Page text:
The culture of this company inspires the team on an emotional level to take actions that make them more efficient as a whole. 

Your Vivid Vision Template: Focus & Accelerate

Using this approach to design your vision is simple: just use the Focus Points for each section you want to include. 

A Personal Vivid Vision should include any sections of your life you deem important but can include: career, relationships, hobbies, and more.

A Vivid Vision for a business should include the parts necessary for that business to function and can include: culture, team, operations, headquarters, marketing, operations, and more.

So, for example, let’s say your personal Vivid Vision will include the following sections:

  • A Snapshot
  • Your Friends & Family
  • Business & Philanthropy
  • Fun & Travel
  • Purpose & Fulfillment

You should create a Vivid Vision template and outline for yourself highlighting the Focus Points for each section like this:

A vision beginning to form will look like this:

Let’s say the vision you want to create for your business will include the following sections:

  • Current Industry Position
  • Team
  • Culture
  • Product Offerings
  • Company Sentiment

You should create a Vivid Vision template and outline for yourself highlighting the Focus Points for each section like this:

A vision beginning to form will look like this:

Secrets Professional Writers Don’t Want You To Know About

At this point, you have just about everything you need to design a vision for yourself or your company, and in such a way that the emotions are clear, and the actions your future self takes are almost real. 

This is called storytelling.

Most people aren’t naturally good at writing. So, instead of telling them they have to learn the basics of storytelling to write their vision down, I show them indirectly.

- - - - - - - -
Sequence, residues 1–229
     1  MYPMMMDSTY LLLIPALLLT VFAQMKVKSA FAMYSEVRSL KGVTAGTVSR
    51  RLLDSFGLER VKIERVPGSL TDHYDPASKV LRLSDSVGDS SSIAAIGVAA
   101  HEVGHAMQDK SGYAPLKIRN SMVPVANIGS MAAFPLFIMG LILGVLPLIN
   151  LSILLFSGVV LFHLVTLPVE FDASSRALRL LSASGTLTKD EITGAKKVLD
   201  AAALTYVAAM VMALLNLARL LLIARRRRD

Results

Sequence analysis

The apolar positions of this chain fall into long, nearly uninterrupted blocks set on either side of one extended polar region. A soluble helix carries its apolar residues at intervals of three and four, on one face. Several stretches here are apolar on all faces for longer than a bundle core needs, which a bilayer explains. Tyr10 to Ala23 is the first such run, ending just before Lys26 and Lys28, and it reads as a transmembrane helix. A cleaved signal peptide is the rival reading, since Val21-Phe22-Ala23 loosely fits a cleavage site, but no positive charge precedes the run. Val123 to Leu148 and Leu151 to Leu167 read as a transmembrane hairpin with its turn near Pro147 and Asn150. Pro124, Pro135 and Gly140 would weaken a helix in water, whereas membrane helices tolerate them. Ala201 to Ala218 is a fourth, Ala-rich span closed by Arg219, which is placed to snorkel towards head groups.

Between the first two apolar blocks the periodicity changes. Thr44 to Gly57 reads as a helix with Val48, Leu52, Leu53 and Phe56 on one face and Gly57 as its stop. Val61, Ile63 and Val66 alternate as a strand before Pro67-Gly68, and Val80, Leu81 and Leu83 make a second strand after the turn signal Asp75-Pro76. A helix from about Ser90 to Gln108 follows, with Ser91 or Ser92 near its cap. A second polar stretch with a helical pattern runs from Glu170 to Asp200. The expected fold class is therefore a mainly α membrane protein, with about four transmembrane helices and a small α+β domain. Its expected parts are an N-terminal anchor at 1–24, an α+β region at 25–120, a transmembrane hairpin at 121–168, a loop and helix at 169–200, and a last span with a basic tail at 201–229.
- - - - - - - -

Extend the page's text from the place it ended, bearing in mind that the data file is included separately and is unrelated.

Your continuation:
What brings images, visuals, scenes, portraits, memories, and all other moments of human experience into the realm of concrete reality is action directed by emotion.

That’s why a clear vision is built by focusing on how the future makes you feel, and how you operate as a result.

Professional writers also know how to capture the emotion an individual or a collective might feel through language. 

This is where hiring a pro to help you would be beneficial. 

But it is by no means necessary. 

If you’d like the premium boutique Vivid Vision experience, someone who’ll take the thoughts in your head and turn them into a clear and compelling vision, talk to the team at VisionDriven. 

They are the leading experts when it comes to creating a Vivid Vision for your business and life. 

For those who are confident in their ability to do it themselves, I wish you good luck. And I would like to share these additional tips with you.

Additional Tips You Can Use To Write A Vivid Vision

Give Yourself Room

Take time to focus on visualizing your future. Cameron Herold suggests you spend time in nature.

If you can't see yourself doing that, then simply block off a couple of hours on your calendar. Use that time to envision the emotional details of your vision.

It's your future we're talking about here; give your mind the canvas space it needs to create one worth talking about.

Respect The Process

Vision processes can be fun, but they can also be frustrating.

If you're stuck at any point, remember that obstacles are part of the process; there are always a few bumps in the road along your vision journey.

Respect the process, and surrender to the route you've chosen.

When you arrive at your destination with a fully visualized plan for your future, you'll be that much more delighted with the end result.